Watts, Jacqueline H.
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Although it is useful to adopt a cross-disciplinary approach in exploring both theory and practice (and the value of organisational theory to the discussion of emotionality at work remains significant), it is important to reflect that the labour of paid care, despite bureaucratic attempts to commodify this, remains not just a service or business interaction but one that requires substantial emotional input on the part of the employed worker (Edwards and Wajcman, 2005). This is especially the case in respect of end of life care where the emphasis on what I will term ‘continuous personal relationship work’ is key to guiding practice. This particular form of ‘relationship work’, with emotion and the outward expression of feelings at its core, holds both challenges and opportunities for practitioners and also for volunteers whose positive contribution to day care is now well recognised (Andersson and Ohlen, 2005). Drawing on recent research conducted at a community hospice cancer drop-in day care facility (see Watts, 2008b for a discussion of the study’s methodological aspects), some of these challenges are explored below.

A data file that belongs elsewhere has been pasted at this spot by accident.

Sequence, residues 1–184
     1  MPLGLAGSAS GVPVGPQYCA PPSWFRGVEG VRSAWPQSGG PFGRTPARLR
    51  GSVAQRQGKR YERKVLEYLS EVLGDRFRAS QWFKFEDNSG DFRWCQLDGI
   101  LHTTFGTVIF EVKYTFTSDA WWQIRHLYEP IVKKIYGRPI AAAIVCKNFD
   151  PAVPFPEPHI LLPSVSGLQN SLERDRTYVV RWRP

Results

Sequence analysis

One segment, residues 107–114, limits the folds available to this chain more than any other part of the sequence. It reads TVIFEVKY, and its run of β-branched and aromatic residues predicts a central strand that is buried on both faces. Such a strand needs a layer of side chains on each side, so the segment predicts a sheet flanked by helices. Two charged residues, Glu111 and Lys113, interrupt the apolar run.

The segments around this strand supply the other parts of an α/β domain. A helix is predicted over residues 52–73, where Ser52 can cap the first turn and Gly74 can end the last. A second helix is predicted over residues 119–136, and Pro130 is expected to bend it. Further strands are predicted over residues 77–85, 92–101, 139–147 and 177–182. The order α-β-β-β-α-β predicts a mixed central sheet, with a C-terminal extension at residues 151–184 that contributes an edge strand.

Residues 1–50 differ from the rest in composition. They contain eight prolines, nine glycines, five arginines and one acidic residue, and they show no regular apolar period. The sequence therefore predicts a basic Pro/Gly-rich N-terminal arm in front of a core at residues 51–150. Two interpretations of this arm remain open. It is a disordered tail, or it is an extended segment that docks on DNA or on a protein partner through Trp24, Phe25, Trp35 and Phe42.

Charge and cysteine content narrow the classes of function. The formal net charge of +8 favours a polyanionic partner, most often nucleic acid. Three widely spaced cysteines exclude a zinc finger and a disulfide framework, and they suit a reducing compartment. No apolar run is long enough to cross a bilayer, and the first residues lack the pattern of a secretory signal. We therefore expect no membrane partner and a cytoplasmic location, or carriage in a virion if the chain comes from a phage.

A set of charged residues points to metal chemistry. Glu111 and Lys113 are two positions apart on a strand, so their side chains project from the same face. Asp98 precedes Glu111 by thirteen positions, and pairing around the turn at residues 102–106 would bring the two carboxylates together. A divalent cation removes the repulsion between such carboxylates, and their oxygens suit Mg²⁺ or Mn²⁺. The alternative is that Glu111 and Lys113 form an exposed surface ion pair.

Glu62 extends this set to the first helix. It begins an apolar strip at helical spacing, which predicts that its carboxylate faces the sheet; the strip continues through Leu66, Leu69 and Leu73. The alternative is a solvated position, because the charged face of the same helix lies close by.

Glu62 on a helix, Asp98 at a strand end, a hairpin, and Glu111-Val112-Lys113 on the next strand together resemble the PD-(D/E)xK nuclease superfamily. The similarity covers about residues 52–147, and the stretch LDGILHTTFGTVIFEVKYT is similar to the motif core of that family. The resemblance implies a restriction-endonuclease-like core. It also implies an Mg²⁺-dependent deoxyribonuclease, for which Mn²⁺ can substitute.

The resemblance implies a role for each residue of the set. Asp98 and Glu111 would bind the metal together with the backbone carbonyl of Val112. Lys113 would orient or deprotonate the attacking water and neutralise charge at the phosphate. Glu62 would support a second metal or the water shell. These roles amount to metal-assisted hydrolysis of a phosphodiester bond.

|Item Type:||Conference Item|
|Copyright Holders:||2008 The Author|
|Academic Unit/Department:||Faculty of Wellbeing, Education and Language Studies (WELS) > Health, Wellbeing and Social Care
Faculty of Wellbeing, Education and Language Studies (WELS)
|Depositing User:||Jacqueline H. Watts|
|Date Deposited:||30 Apr 2010 08:35|
|Last Modified:||04 Oct 2016 15:01|
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